I really enjoyed the early chapters, telling how Jones felt about the American foods of her childhood, and how she came to love French food. Her adventures in Paris are delightful. Then she returned to New York and desperately desired a book that would help her learn to create the food she had enjoyed in France.
I enjoyed her contrast of early-1950s France with the culinary desert of the USA, and her struggle to find fresh, good meat or vegetables in that canned-good era -- and how Julia Child changed her life and so many others. Her later chapters, though not quite as exciting, combine memories of eating with descriptions of what it's like to edit cookbooks by authors who need various kinds of flattery, editorial suggestions, and other kinds of help. The final 80 pages offer her personal recipe collection along with comments that are also worth reading. (I haven't tried the recipes, but they sound good.)
As I have recently been reading the works of M.F.K. Fisher, I particularly enjoyed the descriptions of Jones's relationship with her (though she didn't edit much by Fisher):
"There is an appetite now [around 2006] for reading all about the behind-the-scenes workings of a restaurant kitchen where the testosterone flows, the vocabulary consists of four-letter words, and the competition is brutal. But what does that have to do with taste?Jones often expresses my feelings or suspicions about the current state of food -- though she speaks as an expert, and I have no experience, only indirect reactions. Her comments about the molecular gastronomy adventures in artificially enhanced foodstuffs interested me a lot:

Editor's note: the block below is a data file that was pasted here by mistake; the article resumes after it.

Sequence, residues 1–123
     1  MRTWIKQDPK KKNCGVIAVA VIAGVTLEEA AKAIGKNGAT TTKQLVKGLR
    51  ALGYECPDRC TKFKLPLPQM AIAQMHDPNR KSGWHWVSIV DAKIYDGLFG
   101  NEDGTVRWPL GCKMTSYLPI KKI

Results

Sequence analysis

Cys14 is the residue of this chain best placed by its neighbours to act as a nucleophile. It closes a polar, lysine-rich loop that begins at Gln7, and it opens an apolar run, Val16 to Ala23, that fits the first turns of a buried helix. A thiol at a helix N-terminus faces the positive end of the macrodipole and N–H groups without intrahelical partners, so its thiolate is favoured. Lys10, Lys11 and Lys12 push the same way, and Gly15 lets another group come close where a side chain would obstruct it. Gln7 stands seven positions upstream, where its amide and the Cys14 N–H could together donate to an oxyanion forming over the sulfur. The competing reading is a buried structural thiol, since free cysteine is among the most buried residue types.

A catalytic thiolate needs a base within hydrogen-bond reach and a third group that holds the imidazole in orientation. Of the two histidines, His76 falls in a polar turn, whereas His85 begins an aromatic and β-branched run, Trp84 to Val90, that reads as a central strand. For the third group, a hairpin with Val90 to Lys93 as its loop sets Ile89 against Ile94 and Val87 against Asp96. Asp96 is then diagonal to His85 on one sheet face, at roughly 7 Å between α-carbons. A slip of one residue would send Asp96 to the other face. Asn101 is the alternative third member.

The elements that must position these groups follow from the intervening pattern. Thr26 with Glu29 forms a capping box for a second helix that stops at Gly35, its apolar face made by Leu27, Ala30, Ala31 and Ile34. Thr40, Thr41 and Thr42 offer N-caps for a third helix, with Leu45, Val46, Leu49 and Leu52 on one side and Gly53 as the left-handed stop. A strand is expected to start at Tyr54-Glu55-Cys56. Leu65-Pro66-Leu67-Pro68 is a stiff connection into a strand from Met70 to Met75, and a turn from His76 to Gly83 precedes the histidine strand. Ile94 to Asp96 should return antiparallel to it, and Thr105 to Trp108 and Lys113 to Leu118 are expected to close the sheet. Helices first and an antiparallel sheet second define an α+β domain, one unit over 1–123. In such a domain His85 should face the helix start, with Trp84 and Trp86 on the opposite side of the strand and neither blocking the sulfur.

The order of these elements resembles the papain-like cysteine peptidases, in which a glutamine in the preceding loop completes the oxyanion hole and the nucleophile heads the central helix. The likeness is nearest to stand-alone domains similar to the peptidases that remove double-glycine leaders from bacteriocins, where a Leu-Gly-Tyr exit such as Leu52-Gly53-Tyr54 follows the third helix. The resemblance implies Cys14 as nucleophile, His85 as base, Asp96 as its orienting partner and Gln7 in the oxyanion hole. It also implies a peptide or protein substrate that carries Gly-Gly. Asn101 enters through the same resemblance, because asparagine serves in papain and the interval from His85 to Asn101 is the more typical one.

"It is all the more surprising that a writer like M.F.K. Fisher should have emerged pre-World War II, at a time when America was at a low point gastronomically. Not that her early books were as widely appreciated as they are today, but there was a small, hungry following that cherished her as a writer who dared to embrace food as a part of the sensual life." (p. 150)
"When I attended Madrid Fusion, the food conference held in Spain in 2006, I couldn't help but think that there was a disturbing amount of manipulation of food going on in these days on the part of the new, highly applauded star chefs. ... I admit to having an aversion to foam, particularly when it is pale green. It reminds me all too vividly of what happens when one's dog has deliberately eaten a large dose of grass to purge himself." (p. 135)I have some some small criticisms of this book. For one, Jones narrates a variety of experiences without letting the reader know the dates; she may be combining things that happened in various years. I am actually interested in the food history embodied in her life, and would have appreciated a bit more specificity about when this or that event occurred. Also, she seemed very distant about telling about her personal life; in the parts that took place after her marriage, she seemed to be avoiding the profoundly personal.
All in all, though, I feel that her editorship of some of the best food books of the 20th century means we should be very grateful. I say: Thank You, Judith Jones!